Pick a fast hashing function (the one that is simple, can be accelerated by CPU instruction set or GPU or even FPGA or ASIC programmed) and your passwords are no more safe than using plaintext. It's just a matter of some time.

You aim for security and if a user's login takes 1 second to complete due to necessity to calculate a computationally intensive hash function it's fine because logins happen occasionally and you know that nobody would be able to precompute your hash algorithm rainbow tables with something like 1 kH/s in next 10 years.

CRC, MD5, SHA - those are all hashing functions aiming at speed. To calculate unique hash for a chunk of data. They are often used as integrity hashes. You receive a data (a file, a network packet, etc.) that has hash included. You can easily and quickly calculate the hash yourself with these functions and compare it to included hash to verify the file was not tampered with/corrupted during transit.


Agree, most implementations use bcrypt or scrypt these days



Hash itself can be reversed by using precomputed hashtables (aka rainbow tables). May be easier than you think. There are ways to compute and save hastables with considerable space savings thanks to packing.

The corect sentence should be: Hash function cannot be reversed.

Using a date/time in a salt is stupid idea. Salt must be some algorithm known constant so you can re-use it. If you use changing variable (like a datetime, unless it's immutable, like your birthdate) then you have to store it somewhere with relation to the hash so you can actually compute that hash again to compare it with user's provided password. It's like using user's firstname as part of the salt. It is too obvious and it's right next in the user's table in the database.

The best way is to keep the salt solely in your obfuscated code in memory and compressed and encrypted on the disk. Stealing the database does not then give too many information to guess the salt.


I don't understand rainbow tables fully, can you explain how a good salt doesn't make them pointless?

Let's imagine I am able to dump the Users table of your application using an undiscovered SQL injection error.

I will register as a user for your application and use password 'ABCD1234'.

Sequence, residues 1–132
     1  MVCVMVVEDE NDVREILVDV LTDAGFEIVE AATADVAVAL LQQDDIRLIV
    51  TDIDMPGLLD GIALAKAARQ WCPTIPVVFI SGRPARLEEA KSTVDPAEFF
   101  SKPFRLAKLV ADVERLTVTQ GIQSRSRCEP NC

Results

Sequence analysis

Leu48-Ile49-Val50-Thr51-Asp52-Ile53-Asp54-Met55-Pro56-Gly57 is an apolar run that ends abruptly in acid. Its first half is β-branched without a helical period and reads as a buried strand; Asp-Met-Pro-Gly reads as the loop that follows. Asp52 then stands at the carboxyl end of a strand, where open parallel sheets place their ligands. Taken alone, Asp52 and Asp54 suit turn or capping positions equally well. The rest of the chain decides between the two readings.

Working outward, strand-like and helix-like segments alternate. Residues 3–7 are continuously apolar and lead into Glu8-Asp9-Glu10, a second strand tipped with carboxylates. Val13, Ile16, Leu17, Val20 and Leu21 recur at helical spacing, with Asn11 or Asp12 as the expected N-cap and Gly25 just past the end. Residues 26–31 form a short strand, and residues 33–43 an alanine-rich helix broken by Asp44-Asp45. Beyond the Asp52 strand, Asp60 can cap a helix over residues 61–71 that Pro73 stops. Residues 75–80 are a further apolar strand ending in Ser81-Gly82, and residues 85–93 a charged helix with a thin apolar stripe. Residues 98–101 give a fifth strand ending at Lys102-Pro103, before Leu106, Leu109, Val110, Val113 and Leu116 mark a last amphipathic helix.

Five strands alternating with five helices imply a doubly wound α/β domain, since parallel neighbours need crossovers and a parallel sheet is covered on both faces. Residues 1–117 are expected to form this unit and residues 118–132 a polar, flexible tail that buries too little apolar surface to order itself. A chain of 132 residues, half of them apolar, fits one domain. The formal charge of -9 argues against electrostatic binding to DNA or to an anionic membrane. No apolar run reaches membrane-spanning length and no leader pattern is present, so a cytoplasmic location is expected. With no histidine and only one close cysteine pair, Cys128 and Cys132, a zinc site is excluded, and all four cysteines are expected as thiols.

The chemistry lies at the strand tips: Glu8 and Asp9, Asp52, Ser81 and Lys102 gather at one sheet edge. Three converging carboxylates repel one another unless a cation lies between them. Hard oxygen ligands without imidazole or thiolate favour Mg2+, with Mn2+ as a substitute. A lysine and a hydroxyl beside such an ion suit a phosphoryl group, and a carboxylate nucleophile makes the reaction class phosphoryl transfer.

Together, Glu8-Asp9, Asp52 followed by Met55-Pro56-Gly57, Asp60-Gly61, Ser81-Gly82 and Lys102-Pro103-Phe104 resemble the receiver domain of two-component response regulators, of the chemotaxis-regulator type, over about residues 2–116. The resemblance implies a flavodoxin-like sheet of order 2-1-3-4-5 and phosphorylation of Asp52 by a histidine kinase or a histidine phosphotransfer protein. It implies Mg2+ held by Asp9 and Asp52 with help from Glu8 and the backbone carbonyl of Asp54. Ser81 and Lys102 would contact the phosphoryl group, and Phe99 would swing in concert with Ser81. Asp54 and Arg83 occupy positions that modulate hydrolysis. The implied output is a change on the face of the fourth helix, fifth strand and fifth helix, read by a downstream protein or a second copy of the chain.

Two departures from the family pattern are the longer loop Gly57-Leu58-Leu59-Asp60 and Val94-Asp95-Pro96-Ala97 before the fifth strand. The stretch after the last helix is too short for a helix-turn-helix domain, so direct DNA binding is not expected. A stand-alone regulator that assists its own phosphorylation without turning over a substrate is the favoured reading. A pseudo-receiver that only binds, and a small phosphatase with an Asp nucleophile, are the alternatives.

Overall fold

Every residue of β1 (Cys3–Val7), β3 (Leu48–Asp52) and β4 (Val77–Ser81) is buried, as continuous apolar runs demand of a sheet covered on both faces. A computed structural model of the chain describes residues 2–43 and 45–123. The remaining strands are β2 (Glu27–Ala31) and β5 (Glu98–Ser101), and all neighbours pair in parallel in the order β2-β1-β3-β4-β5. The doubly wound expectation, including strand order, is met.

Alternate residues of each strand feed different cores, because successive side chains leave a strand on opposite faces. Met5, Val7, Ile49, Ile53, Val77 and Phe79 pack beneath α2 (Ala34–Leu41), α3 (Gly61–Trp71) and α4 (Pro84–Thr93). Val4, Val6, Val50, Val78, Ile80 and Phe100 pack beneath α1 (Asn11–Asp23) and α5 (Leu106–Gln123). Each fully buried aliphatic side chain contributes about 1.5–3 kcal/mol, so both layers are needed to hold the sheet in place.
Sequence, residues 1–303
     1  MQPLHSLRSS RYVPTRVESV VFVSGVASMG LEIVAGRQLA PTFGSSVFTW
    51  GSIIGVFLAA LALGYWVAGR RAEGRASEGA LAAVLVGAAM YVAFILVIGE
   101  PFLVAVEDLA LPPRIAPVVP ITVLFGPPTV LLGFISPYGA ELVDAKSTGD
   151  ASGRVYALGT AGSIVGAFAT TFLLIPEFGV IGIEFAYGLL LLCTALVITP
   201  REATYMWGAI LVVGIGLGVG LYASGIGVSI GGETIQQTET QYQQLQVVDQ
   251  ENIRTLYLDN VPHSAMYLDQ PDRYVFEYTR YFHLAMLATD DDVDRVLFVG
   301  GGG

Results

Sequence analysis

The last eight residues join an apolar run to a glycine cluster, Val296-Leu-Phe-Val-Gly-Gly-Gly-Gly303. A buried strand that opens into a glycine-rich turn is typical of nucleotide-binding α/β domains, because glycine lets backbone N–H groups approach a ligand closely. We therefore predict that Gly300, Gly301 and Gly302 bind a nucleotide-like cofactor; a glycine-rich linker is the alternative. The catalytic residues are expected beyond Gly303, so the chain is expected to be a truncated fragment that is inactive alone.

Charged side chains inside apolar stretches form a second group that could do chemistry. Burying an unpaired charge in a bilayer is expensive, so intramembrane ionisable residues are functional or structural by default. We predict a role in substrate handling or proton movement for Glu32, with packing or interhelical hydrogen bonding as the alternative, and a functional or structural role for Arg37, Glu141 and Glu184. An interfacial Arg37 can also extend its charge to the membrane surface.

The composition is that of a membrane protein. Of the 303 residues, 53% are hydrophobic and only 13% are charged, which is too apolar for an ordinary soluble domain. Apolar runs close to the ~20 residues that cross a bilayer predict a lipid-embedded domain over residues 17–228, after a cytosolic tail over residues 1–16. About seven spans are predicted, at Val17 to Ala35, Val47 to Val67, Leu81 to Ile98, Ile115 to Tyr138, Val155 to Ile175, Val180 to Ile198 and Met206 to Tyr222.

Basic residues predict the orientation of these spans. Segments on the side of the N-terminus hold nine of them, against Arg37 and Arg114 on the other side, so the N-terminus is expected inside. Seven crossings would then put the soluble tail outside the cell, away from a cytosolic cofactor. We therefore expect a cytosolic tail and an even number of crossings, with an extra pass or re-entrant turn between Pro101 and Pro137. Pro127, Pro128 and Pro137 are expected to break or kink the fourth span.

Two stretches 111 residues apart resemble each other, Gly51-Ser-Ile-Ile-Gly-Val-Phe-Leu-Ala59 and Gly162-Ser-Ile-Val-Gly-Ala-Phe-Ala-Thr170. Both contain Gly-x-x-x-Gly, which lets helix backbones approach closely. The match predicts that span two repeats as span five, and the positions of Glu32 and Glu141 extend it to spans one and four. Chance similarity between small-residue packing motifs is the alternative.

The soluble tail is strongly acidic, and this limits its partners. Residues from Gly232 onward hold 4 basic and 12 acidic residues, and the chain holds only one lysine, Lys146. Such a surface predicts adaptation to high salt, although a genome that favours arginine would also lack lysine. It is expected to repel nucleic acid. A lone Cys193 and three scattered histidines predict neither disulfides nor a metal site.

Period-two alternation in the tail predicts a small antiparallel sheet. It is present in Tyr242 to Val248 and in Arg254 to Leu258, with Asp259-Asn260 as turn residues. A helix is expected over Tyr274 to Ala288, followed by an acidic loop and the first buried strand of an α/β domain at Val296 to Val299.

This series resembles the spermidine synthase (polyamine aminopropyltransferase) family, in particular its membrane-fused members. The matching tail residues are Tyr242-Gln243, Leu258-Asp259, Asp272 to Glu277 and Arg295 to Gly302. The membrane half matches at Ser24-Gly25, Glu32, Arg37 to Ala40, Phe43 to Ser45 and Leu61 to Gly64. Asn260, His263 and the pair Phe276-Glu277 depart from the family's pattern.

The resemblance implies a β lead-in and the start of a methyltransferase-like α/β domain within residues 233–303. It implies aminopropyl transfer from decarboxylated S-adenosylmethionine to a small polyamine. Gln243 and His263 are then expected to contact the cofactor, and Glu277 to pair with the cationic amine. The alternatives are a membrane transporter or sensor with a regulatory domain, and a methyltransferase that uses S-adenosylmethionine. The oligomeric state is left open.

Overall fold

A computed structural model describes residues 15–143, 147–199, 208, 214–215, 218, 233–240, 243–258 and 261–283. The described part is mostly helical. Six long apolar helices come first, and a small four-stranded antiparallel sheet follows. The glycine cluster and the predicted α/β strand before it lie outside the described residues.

Secretly your application appends '_S3cr3t!' to the plaintext password as a salt and caluclate a hash.

I will dump your database, find a hash of my password, feed it to JohnTheRipper with a mask of 'ABCD1234?????????' if not working then '????????ABCD1234'.
Just a matter of time (and money if I want a fast hashrate accelerated by GPUs) until I find a hash of 'ABCD1234_S3cr3t!' matches.

Then I build a rainbow tables of all hashes '[A-Z][a-z][0-9][special_chars1]{1-10}_S3cr3t!' to decrypt all hashes in your application.


Both terms are inspired from cooking.

A hash, like a hash brown, means something that has been chopped (into bits, heh) and mixed, whereas salt is an ingredient that we add beforehand to make the hash taste better—to make it unique.

Source: my blog :D


Encryption is an image puzzle, we cannot guess the image when it's in pieces but it's meant to be built to find it. So with only pieces you can find easily(more or less) this image. In password case this is bad because you can find an original password with an encrypted one easily.

Hashing is one-way, but deterministic: hash twice the same value, and you get twice the same output. So in password case it is hard to find the original string because there are no logic built for it, and you need to "find" real password to check if it's the one in your database.

Salting is adding a personal touch to every hashing. For exemple is your password case, is two user use same password, because you hash it, it will produce the same output (a given entries, always have same output) but if instead of only password you hash a string with password+login, the output will be different, even if two user use the same password.

so in summary :

Encryption => easy to crack, once an attacker find encryption type + secret key all password in your database are exposed.

Hashing => harder to crack, need to guess password and compare output to find password. So it's an one by one work.

Hashing + Salting => make everything hashing unique, even harder to crack, attacker need to split password from salt. Still an one by one work, even once it's decrypted


If you are using hashing+salt already and still don’t know why, I would suggest reading this aertical to give you a better understanding of password security. Will give you more information too on why sometime using salt is not enough. Unless you are using a strong hashing function such as bcrypt, scrypt or Argon2


Have you read the OWASP password pages? With minimal tech knowledge is pretty easy to understand.